Emerging-market stocks fell the most in a week, led by Chinese equities, on concern regulators may depress valuations by resuming initial share sales. South Africa’s rand slid to an almost four-year low versus the dollar.
Sinopec Shanghai Petrochemical Co. had the biggest decline on the MSCI Emerging Markets Index, sliding the most since September 2011 in Hong Kong. China Railway Construction Corp. slumped 6.5 percent. Gafisa SA sank 4.4 percent after the homebuilder reported a fourth-quarter loss. The ruble pared gains against the central bank’s currency basket after President Vladimir Putin nominated a Kremlin aide to lead the regulator.
The MSCI emerging-markets stock gauge retreated 0.6 percent to 1,057.65 in New York. The Shanghai Composite Index lost 1 percent, the most since March 4, after China Securities Journal said companies seeking initial public offerings are expected to submit reports on financial statements starting next week.
Investors “have only a modestly positive view on emerging-markets growth and therefore asset prices,” Koon Chow, head of emerging-markets strategy at Barclays Plc in London, said by e-mail.
The developing-nations measure has risen 0.2 percent this year, trailing a 7.1 percent gain in the MSCI World Index of developed-country stocks. The iShares MSCI Emerging Markets exchange-traded fund, the ETF tracking developing-nation shares, dropped a second day, losing 1.1 percent in New York to 43.39. The Chicago Board Options Exchange Emerging Markets ETF Volatility Index, a gauge of options prices on the fund and expectations of price swings, jumped 2.4 percent to 15.77.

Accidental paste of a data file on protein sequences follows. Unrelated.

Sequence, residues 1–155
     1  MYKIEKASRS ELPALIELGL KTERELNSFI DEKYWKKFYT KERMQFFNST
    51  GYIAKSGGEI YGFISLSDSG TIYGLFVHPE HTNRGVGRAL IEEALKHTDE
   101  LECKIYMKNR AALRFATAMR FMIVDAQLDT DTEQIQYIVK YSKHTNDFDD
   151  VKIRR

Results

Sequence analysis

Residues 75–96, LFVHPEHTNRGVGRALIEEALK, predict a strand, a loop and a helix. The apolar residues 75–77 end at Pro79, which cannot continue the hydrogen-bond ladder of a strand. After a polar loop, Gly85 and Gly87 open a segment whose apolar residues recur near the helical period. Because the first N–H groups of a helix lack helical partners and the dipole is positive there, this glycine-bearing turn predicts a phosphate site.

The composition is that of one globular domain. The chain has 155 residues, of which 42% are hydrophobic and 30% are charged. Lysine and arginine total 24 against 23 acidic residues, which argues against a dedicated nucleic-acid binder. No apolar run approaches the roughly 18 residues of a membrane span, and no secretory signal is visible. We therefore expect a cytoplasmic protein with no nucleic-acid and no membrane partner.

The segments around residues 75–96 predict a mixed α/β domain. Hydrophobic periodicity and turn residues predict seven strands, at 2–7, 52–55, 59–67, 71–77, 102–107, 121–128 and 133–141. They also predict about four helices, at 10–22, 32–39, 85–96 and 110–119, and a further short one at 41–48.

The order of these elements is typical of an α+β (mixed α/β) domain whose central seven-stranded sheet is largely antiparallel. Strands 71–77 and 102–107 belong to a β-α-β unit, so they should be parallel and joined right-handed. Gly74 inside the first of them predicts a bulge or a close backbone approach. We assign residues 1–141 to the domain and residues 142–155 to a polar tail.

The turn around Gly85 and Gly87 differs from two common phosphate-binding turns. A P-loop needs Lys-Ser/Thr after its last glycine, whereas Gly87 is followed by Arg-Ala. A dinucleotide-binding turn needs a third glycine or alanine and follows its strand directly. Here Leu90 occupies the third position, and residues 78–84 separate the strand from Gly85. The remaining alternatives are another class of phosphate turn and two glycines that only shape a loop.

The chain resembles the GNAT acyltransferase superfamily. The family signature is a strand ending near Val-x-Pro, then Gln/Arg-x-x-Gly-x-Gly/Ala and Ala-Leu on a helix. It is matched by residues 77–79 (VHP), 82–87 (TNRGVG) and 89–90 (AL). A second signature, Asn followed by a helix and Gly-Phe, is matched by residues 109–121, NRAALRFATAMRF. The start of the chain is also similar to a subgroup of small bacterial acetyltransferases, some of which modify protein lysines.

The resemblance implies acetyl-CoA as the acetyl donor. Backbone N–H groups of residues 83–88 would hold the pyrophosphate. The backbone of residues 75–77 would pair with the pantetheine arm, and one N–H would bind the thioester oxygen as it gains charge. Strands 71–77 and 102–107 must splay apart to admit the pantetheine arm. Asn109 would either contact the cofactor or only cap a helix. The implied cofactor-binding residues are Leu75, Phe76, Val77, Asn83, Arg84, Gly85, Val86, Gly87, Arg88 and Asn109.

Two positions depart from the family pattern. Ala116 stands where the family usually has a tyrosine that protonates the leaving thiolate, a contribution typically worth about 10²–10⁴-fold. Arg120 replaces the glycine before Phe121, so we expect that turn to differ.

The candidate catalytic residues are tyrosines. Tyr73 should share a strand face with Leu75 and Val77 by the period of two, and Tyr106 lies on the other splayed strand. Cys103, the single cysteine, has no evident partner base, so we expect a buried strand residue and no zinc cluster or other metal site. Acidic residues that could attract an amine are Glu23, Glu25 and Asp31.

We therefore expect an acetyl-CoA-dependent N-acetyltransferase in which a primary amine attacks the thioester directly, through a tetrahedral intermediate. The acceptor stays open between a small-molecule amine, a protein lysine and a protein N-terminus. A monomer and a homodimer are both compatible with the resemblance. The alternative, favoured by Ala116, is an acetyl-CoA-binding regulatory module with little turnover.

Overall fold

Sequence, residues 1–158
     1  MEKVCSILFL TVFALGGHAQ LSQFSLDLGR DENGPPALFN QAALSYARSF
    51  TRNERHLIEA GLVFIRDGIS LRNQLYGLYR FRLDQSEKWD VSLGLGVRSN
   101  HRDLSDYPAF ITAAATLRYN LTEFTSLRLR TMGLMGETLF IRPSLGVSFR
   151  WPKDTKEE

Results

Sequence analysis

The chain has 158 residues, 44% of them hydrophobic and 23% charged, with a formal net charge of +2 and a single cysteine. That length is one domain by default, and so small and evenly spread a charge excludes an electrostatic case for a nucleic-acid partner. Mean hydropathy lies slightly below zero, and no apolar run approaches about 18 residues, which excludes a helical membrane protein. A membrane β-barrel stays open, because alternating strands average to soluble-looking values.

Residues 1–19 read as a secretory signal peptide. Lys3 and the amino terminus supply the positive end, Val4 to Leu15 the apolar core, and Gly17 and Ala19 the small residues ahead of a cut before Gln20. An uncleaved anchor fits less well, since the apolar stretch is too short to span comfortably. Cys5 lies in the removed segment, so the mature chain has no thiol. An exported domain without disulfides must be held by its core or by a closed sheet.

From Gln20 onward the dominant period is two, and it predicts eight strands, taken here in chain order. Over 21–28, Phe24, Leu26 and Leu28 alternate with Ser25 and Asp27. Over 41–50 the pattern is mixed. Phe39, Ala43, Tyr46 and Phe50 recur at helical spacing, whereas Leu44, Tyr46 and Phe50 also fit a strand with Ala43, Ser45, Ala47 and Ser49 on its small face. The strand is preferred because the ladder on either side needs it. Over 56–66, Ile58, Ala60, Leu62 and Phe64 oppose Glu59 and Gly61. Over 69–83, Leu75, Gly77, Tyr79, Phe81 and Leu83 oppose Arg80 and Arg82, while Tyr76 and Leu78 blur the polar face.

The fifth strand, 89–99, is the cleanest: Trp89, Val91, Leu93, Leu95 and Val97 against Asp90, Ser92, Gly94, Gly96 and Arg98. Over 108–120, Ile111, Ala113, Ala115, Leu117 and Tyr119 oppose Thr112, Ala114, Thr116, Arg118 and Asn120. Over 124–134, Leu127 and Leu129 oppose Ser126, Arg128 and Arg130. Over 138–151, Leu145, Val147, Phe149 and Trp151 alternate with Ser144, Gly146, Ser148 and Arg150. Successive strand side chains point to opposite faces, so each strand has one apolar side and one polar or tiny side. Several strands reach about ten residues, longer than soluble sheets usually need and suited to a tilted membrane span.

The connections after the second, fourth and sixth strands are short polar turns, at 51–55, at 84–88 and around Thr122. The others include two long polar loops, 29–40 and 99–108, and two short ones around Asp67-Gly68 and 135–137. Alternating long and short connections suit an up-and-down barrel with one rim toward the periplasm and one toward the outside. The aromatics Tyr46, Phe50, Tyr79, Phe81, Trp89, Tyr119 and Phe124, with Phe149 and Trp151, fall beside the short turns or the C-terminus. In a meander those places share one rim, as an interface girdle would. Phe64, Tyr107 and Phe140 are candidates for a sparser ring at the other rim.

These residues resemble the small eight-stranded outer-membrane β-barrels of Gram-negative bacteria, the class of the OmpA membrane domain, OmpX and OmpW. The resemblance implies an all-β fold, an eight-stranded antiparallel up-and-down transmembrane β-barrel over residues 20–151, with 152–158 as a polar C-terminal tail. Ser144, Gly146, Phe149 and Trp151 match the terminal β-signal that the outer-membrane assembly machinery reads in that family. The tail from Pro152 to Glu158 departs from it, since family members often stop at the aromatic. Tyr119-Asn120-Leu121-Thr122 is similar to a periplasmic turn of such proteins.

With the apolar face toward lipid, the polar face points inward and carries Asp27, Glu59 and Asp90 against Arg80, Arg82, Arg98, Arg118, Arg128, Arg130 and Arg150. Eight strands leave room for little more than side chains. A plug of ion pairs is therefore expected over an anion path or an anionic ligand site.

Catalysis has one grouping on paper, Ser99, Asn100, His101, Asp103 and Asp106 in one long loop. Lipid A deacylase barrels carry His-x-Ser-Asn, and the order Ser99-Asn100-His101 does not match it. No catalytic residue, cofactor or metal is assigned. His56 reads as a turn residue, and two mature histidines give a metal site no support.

Brazil’s Bovespa Index fell 0.6 percent to 58,208.61. Gafisa, the homebuilder that is returning its focus to more expensive houses, fell the most in two months. The real dropped a day after the central bank intervened to weaken the best-performing emerging-market currency this year. Mexico’s IPC Index slid 0.1 percent.
Russia’s Micex Index fell 0.2 percent for the biggest drop in a week. The ruble was little changed at 34.8955 against the dollar-euro basket used to manage the Russian currency, from 34.8614 earlier in the day. PIK Group, a residential developer, sank the most on the benchmark gauge, losing 3.3 percent in its first decline in four days.
South Africa’s rand slid 0.9 percent to 9.1695 per dollar after weakening to 9.2122 per dollar, the lowest since April 2009. The nation posted a larger-than forecast current-account deficit.
The extra yield investors demand to own emerging-market bonds over U.S. Treasuries fell 1 basis point, or 0.01 percentage point to 280 basis points, according to JPMorgan Chase & Co’s EMBI Global Index.
The Hang Seng China Enterprises Index of mainland Chinese companies listed in Hong Kong dropped 1.3 percent. The Bloomberg China-US Equity Index of the most-traded Chinese companies in the U.S. plunged 1.8 percent, the most in a month, led by Perfect World Co.
Companies seeking IPO sales are expected to submit reports on self-examination of their financial statements starting next week to meet the end-March deadline, the Securities Journal reported today, citing investment banks. The China Securities Regulatory Commission suspended IPO share sales in late October after companies were found to report falling profits right after listings.
“The possibility IPO share sales will resume is spooking the market,” said Wu Kan, a Shanghai-based fund manager at Dazhong Insurance Co., which oversees $285 million.
Sinopec Shanghai, a Chinese oil processor, tumbled 7.8 percent in Hong Kong, the steepest loss since Sept. 26, 2011. China Railway retreated 6.5 percent to the lowest level since Oct. 31.